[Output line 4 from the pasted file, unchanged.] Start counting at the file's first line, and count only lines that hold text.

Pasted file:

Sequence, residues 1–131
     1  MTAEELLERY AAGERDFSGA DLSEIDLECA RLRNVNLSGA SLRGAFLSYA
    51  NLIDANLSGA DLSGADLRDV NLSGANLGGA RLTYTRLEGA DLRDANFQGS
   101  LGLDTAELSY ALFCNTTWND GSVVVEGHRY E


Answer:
   101  LGLDTAELSY ALFCNTTWND GSVVVEGHRY E